Rather than hurt, anger, or disappointment, I can’t help but to think that Jesus was feeling compassion for Peter.  He didn’t turn his back, rather, He turned toward Peter. This is what He does.  This is who He is.  Jesus is never taken by surprise.  He is not limited by the dimension of time.   In the blink of an eye, Jesus could see Peter in his entirety.  He knew Peter not only as weak and fearful, but also as loyal and loving. This was the same Peter who had spoken boldly on His behalf.   He was the man upon whom the Church would be built.  He would be the first to enter the empty tomb.  And Peter, this timid man full of fear and shame, would one day die a treacherous martyr’s death on his own cross.  As Jesus turned to gaze upon His friend, perhaps He was also full of hope.  He knew that there was more to Peter than Peter ever could.

Yes, I’m comforted by the story of Peter’s denial.  It’s the story of us all.  His mutiny came as no surprise to Jesus, nor does mine.  From the creation of time, He knew that this dark event would occur.  It was simply the outer manifestation of the inner battle of all men.

We’re divided, fickle creatures.
We’re limited.
We’re selfish.
We’re self-preserving.
We’re in need of a Savior.

So as we dart about cutting off ears, speaking resolutely of our steadfast faith, and proclaiming dedication, there is the inevitable other side to the well-intentioned coin.  Upon occasion, we’ll  find ourselves lurking in the shadows.  Yet we have no reason to fear.  The work has been done.  We have been forgiven.  He sees us in our entirety and cannot be taken by surprise.  We can move from the darkness into the light with confidence.  Not in ourselves, yet in the One who will come again to banish shame, fear, and every other form of darkness into the eternal abyss.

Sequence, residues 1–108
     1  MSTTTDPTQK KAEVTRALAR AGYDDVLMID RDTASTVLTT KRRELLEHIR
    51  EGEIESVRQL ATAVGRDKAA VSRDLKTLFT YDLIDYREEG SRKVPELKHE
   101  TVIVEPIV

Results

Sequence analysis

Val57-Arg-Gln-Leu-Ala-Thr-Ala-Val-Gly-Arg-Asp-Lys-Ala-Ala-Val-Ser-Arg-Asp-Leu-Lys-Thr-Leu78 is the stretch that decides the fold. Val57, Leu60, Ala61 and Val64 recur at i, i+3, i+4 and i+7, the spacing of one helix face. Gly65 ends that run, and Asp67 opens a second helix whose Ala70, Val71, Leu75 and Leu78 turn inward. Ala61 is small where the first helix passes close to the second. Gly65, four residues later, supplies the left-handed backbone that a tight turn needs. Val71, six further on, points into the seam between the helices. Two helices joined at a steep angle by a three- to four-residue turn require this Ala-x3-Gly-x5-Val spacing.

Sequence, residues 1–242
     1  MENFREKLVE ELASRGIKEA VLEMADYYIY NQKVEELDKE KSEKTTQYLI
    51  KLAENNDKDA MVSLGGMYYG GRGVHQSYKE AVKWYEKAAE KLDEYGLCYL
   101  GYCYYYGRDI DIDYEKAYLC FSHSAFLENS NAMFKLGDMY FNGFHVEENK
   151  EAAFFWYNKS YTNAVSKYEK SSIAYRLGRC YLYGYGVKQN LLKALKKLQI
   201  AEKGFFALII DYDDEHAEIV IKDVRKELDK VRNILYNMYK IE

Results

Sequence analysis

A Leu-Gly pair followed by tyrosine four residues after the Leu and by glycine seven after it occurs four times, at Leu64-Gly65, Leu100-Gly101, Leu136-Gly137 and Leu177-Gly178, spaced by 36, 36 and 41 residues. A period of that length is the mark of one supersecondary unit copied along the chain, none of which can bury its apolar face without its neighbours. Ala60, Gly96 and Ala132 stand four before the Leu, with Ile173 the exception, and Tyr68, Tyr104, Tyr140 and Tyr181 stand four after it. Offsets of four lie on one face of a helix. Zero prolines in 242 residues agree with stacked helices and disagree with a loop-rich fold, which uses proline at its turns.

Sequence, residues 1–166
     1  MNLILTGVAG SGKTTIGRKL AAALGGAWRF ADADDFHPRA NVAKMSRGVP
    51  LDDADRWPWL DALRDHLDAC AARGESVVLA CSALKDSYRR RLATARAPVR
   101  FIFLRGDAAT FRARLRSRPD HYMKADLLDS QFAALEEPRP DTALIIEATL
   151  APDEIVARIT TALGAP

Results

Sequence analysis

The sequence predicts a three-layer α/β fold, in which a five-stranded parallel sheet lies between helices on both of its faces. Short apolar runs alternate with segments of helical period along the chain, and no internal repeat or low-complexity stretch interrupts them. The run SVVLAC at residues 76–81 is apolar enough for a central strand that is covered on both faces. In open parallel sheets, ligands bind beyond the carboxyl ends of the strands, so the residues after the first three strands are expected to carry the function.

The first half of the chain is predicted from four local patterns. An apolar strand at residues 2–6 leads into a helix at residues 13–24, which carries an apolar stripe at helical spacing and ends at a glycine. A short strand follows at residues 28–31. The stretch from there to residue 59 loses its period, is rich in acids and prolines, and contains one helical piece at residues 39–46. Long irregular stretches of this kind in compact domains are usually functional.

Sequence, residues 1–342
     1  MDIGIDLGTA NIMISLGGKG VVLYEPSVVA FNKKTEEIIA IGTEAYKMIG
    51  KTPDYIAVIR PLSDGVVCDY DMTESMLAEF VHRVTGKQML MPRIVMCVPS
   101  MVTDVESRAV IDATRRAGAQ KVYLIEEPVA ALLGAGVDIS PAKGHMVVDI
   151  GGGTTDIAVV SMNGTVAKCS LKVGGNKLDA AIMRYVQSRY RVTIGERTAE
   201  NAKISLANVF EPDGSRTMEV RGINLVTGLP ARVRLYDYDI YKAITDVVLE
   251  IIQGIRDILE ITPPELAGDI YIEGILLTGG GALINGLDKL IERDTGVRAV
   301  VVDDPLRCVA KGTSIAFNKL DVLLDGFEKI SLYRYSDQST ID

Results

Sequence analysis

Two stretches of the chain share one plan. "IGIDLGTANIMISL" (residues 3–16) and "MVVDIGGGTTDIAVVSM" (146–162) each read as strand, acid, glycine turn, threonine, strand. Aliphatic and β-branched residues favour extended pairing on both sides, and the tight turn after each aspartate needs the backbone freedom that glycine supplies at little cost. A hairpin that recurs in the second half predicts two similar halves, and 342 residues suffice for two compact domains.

Hosanna by Andrew Peterson

I am tangled up in contradiction.
I am strangled by my own two hands.
I am hunted by the hounds of addiction.

I have lied to everyone who trusts me.
I have tried to fall when I could stand.
I have only loved the ones who loves me.

O Hosanna!
See the long awaited king come to set his people free. We cry
O Hosanna!
Come and tear the temple down.
Raise it up on holy ground.

I have struggled to remove this raiment, tried to hide every shimmering strand.
I contend with these ghosts and these hosts of bright angels.

I have cursed the man that you have made me,
as I have nursed the beast that bays for my blood.
Oh, I have run from the one who would save me.
Save me, Hosanna!

O Hosanna!
See the long awaited king, come to set his people free. We cry
O Hosanna!
Come and tear the temple down.
Raise it up on holy ground.

We cry for blood, and we take your life. Hosanna!
We cry for blood, and we take your life.
It is blood, it is life that you have given.

You have crushed beneath your heel the vile serpent.
You have carried to the grave the black stain.